evict

verb
\ i-ˈvikt How to pronounce evict (audio) \
evicted; evicting; evicts

Definition of evict

transitive verb

1a : to recover (property) from a person by legal process
b : to put (a tenant) out by legal process
2 : to force out : expel

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Other Words from evict

eviction \ i-​ˈvik-​shən How to pronounce eviction (audio) \ noun
evictor \ i-​ˈvik-​tər How to pronounce evictor (audio) \ noun

Choose the Right Synonym for evict

eject, expel, oust, evict mean to drive or force out. eject carries an especially strong implication of throwing or thrusting out from within as a physical action. ejected an obnoxious patron from the bar expel stresses a thrusting out or driving away especially permanently which need not be physical. a student expelled from college oust implies removal or dispossession by power of the law or by force or compulsion. police ousted the squatters evict chiefly applies to turning out of house and home. evicted for nonpayment of rent

Examples of evict in a Sentence

His landlord has threatened to evict him if he doesn't pay the rent soon. They were evicted from their apartment.
Recent Examples on the Web Facing stiff resistance by his supporters, church officials have appeared indecisive, lacking the means to enforce their ruling and evict the rebellious monk by force. Washington Post, "Russian court fines coronavirus-denying rebel monk," 7 July 2020 The landlord's attorney agreed to not evict the couple until after the order expired. Lauren Castle, The Arizona Republic, "Maricopa County justice courts experience 'new norm' with COVID-19," 7 July 2020 When a landlord threatened to evict a sick family, United Charities stepped in to pay the rent. David Tarrant, Dallas News, "Lessons from the past: How the deadly second wave of the 1918 “Spanish flu” caught Dallas and the U.S. by surprise," 3 July 2020 McMahon said the order preserves the right of landlords to evict or sue tenants for back rent. USA TODAY, "Mink worries, rumor patrol, paused reopenings: News from around our 50 states," 1 July 2020 In New York City, the Silvercrest Center for Nursing and Rehabilitation in Queens tried to evict more than 20 residents at one point in March, according to residents and elder care lawyers. Amy Julia Harris, BostonGlobe.com, "‘They just dumped him like trash’: Nursing homes evict vulnerable residents," 22 June 2020 The money would be paid directly to landlords, who must agree to participate in the program and to not evict tenants for nonpayment until their rent is more than 45 days delinquent. Alexandria Burris, The Indianapolis Star, "'It is imperative': Indiana housing advocates urge help before evictions resume," 27 June 2020 The next day, state District Judge Antonia Arteaga issued a temporary restraining order prohibiting the defendants from threatening to evict DeLeon or locking her out of her apartment. Patrick Danner, ExpressNews.com, "San Antonio apartment owner agrees to pay tenant who was locked out during pandemic," 23 June 2020 After that, landlords can issue a notice to evict but can’t remove tenants for another 30 days. Paul Davidson, USA TODAY, "Bye $600 jobless benefit, eviction reprieve, cash for small firms. COVID-19 relief ending.," 23 June 2020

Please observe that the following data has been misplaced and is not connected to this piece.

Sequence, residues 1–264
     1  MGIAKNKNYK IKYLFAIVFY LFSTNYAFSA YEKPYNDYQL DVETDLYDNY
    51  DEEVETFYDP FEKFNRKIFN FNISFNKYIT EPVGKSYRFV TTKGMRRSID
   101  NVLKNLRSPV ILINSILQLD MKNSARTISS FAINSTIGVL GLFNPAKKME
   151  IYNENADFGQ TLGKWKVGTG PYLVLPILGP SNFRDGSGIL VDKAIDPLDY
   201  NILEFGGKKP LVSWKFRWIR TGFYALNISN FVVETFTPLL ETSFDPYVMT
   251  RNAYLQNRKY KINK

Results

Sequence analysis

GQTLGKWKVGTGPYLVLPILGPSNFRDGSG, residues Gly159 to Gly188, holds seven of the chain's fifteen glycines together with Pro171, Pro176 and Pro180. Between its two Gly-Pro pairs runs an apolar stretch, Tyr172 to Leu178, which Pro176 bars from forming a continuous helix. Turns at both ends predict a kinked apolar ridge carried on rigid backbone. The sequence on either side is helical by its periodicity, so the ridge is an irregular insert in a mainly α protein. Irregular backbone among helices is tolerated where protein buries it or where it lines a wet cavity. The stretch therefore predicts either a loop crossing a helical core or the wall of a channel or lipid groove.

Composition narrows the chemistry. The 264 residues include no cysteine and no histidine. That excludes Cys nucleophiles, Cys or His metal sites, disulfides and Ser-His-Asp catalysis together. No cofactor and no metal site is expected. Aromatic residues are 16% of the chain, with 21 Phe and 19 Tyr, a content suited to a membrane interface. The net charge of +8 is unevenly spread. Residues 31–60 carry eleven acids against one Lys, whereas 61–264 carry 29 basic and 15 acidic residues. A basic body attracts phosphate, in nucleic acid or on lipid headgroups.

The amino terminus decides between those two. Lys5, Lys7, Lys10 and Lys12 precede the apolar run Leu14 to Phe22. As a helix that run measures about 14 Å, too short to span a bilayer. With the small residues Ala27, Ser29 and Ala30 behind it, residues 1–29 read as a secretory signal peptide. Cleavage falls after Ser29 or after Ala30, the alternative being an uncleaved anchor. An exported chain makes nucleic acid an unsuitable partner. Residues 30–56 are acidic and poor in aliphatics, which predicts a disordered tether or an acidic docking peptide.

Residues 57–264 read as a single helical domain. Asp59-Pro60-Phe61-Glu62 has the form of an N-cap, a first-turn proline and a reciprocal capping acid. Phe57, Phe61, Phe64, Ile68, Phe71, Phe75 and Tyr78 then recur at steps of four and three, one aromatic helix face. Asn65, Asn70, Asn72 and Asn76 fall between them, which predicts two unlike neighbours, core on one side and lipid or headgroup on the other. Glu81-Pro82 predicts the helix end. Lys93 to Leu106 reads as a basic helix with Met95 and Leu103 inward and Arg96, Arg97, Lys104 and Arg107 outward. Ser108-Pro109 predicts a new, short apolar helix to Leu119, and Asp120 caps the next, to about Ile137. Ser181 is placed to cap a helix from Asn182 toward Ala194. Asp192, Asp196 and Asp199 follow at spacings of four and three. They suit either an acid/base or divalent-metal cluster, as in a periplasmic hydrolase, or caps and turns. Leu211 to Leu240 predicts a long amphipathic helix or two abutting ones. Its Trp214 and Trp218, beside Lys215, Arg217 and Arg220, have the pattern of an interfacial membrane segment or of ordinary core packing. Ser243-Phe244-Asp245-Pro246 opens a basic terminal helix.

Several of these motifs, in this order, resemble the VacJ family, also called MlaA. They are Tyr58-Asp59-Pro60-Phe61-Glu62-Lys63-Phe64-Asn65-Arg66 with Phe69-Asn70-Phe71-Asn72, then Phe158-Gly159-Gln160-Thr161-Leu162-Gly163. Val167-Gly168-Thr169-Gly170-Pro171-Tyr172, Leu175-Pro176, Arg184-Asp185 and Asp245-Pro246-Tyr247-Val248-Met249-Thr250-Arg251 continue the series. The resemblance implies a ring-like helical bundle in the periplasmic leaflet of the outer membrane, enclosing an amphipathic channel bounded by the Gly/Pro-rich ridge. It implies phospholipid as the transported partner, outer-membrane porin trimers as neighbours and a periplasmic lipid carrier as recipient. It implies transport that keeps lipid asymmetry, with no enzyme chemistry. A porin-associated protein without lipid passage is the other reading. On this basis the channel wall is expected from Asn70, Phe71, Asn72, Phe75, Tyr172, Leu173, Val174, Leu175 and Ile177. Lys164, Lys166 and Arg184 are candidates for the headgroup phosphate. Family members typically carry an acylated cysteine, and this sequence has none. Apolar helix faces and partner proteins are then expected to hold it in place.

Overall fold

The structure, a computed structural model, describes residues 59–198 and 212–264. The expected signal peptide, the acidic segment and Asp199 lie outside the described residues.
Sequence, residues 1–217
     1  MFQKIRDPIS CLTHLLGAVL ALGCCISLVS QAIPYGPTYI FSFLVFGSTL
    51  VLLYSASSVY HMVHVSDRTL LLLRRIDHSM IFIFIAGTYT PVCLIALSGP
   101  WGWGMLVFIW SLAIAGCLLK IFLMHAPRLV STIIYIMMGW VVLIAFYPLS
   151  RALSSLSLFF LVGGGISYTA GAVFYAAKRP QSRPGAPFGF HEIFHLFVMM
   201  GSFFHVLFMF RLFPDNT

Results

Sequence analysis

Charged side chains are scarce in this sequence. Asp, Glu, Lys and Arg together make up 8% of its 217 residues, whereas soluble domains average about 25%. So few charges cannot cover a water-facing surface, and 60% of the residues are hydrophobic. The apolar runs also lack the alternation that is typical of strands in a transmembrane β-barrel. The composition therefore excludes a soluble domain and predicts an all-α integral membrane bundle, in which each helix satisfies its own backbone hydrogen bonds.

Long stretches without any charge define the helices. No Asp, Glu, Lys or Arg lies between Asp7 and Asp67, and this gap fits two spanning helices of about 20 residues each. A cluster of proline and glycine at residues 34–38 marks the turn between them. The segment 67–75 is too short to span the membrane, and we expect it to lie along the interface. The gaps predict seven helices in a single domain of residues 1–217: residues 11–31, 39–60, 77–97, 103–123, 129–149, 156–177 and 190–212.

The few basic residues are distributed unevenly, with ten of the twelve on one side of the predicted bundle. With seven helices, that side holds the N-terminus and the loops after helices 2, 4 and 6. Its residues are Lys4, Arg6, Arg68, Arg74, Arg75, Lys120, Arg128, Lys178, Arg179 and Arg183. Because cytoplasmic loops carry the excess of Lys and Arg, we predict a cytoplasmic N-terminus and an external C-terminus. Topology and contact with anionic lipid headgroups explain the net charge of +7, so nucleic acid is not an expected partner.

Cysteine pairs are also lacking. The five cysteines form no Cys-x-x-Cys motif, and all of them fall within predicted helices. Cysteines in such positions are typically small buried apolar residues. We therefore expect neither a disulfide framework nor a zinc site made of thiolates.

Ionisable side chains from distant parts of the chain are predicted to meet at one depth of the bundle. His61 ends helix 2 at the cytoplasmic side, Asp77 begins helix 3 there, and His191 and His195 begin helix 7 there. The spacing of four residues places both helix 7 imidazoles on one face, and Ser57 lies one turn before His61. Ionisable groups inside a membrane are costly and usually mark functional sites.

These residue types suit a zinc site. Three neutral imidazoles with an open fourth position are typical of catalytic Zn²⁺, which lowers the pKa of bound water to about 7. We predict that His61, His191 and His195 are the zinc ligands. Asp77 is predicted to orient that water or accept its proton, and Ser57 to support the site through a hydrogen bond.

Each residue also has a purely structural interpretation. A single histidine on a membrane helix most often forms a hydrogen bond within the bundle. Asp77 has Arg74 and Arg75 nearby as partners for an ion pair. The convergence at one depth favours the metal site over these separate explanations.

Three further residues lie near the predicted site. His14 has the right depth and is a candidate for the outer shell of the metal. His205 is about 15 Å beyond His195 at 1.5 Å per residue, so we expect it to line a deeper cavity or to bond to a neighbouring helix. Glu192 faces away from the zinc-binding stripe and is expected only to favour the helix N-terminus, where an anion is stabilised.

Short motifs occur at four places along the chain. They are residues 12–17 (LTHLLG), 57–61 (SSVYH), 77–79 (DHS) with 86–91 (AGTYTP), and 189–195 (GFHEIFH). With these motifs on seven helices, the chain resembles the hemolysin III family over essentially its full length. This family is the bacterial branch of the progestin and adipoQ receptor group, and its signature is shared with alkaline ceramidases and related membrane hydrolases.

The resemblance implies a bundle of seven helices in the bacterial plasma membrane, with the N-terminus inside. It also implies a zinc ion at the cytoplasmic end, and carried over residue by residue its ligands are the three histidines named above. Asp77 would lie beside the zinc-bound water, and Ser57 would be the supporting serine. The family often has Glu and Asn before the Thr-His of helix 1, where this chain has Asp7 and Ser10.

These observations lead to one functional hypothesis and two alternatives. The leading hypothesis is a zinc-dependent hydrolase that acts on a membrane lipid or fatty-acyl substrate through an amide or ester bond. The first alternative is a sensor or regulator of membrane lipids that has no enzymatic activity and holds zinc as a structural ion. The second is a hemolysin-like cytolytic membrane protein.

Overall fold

These example sentences are selected automatically from various online news sources to reflect current usage of the word 'evict.' Views expressed in the examples do not represent the opinion of Merriam-Webster or its editors. Send us feedback.

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First Known Use of evict

15th century, in the meaning defined at sense 1a

History and Etymology for evict

Middle English, from Late Latin evictus, past participle of evincere, from Latin, to vanquish, win a point — more at evince

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Time Traveler for evict

Time Traveler

The first known use of evict was in the 15th century

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Statistics for evict

Last Updated

14 Jul 2020

Cite this Entry

“Evict.” Merriam-Webster.com Dictionary, Merriam-Webster, https://www.merriam-webster.com/dictionary/evict. Accessed 6 Aug. 2020.

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More Definitions for evict

evict

verb
How to pronounce evict (audio)

English Language Learners Definition of evict

: to force (someone) to leave a place

evict

verb
\ i-ˈvikt How to pronounce evict (audio) \
evicted; evicting

Kids Definition of evict

: to force (someone) to leave a place
\ i-ˈvikt How to pronounce evict (audio) \

Legal Definition of evict

: to put (a tenant) out of property by force, by virtue of a paramount title, or especially by legal process

History and Etymology for evict

Medieval Latin evictus, past participle of evincere to recover (property) by legal process, from Latin, to vanquish, regain possession of

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More from Merriam-Webster on evict

Thesaurus: All synonyms and antonyms for evict

Rhyming Dictionary: Words that rhyme with evict

Spanish Central: Translation of evict

Nglish: Translation of evict for Spanish Speakers

Britannica English: Translation of evict for Arabic Speakers

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